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Hans Christian Andersen Award Winners

Given this is Hans Christian Andersen’s 209th birthday, this seems an appropriate day to review Hans Christian Andersen Award winners. Today, there are two prizes, one each for writing and illustrating children’s books, presented every two years, but for the first ten years the International Board on Books for Young People (I.B.B.Y.) gave out the award, it was exclusively for writers.

Hans Christian Andersen Award for Writing

2012 Maria Teresa Andruetto (Argentina)
2010 David Almond (UK)
2008 Jürg Schubiger (Switerzland)
2006 Margaret Mahy (New Zealand)
2004 Martin Waddell (Ireland)
2002 Aidan Chambers (UK)
2000 Ana Maria Machado (Brazil)
1998 Katherine Paterson (USA)
1996 Uri Orlev (Israel)
1994 Michio Mado (Japan)
1992 Virginia Hamilton (USA)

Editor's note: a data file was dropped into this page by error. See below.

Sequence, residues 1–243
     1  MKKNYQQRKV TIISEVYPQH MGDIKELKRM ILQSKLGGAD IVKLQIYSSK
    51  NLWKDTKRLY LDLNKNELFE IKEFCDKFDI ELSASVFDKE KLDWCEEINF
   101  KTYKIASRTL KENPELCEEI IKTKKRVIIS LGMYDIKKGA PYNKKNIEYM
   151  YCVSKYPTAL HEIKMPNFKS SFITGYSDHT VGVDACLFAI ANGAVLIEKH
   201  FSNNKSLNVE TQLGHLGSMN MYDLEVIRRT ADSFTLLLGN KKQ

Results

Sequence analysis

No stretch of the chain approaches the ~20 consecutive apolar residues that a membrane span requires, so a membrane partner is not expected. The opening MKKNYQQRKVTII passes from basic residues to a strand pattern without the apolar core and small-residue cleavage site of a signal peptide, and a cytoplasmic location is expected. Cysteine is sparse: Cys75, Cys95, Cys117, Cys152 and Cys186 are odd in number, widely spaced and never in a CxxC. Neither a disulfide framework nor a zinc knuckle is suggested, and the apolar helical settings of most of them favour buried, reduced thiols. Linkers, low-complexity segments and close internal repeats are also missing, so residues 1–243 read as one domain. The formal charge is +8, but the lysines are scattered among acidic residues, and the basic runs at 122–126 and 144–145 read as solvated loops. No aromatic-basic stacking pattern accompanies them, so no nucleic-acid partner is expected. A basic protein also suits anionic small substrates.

1990 Tormod Haugen (Norway)
1988 Annie M. G. Schmidt (Netherlands)
1986 Patricia Wrightson (Australia)
1984 Christine Nöstlinger (Austria)
1982 Lygia Bojunga Nunes (Brazil)
1980 Bohumil Riha (Czechoslovakia)
1978 Paula Fox (USA)
1976 Cecil Bødker (Denmark)
1974 Maria Gripe (Sweden)
1972 Scott O'Dell (USA)
1970 Gianni Rodari (Italy)
1968 James Krüss (Germany)
José Maria Sanchez-Silva (Spain)
1966 Tove Jansson (Finland)
1964 René Guillot (France)
1962 Meindert DeJong (USA)
1960 Erich Kästner (Germany)
1958 Astrid Lindgren (Sweden)
1956 Eleanor Farjeon (UK)

Hans Christian Andersen Award for Illustration

2012 Peter Sís (Czech Republic)
2010 Jutta Bauer (Germany)
2008 Roberto Innocenti (Italy)
2006 Wolf Erlbruch (Germany)
2004 Max Velthuijs (The Netherlands)
2002 Quentin Blake (UK)
2000 Anthony Browne (UK)
1998 Tomi Ungerer (France)
1996 Klaus Ensikat (Germany)
1994 Jörg Müller (Switzerland)
1992 Kveta Pacovská (Czech Republic)
1990 Lisbeth Zwerger (Austria)
1988 Dusan Kállay (Czechoslovakia)
1986 Robert Ingpen (Australia)
1984 Mitsumasa Anno (Japan)
1982 Zbigniew Rychlicki (Poland)
1980 Suekichi Akaba (Japan)
1978 Svend Otto S. (Denmark)
1976 Tatjana Mawrina (USSR)
1974 Farshid Mesghali (Iran)
1972 Ib Spang Olsen (Denmark)
1970 Maurice Sendak (USA)
1968 Jirí Trnka (Czechoslovakia)
1966 Alois Carigiet (Switzerland)